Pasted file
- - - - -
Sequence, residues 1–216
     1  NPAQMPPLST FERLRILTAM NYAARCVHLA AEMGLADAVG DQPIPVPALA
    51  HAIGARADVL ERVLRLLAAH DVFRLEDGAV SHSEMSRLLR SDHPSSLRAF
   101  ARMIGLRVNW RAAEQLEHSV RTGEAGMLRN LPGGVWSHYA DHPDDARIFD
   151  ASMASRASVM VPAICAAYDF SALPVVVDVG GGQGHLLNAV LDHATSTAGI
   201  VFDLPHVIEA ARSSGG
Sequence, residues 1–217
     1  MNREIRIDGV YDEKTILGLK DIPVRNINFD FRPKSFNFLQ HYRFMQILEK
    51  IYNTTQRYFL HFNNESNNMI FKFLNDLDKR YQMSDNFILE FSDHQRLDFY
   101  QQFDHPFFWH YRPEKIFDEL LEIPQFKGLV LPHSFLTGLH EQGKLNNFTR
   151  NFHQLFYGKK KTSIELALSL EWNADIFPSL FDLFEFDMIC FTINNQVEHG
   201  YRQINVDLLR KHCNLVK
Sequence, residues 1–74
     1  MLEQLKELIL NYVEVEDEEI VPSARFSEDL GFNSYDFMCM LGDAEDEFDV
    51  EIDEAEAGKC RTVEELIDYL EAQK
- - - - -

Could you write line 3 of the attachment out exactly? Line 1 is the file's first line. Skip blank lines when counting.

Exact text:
    51  HAIGARADVL ERVLRLLAAH DVFRLEDGAV SHSEMSRLLR SDHPSSLRAF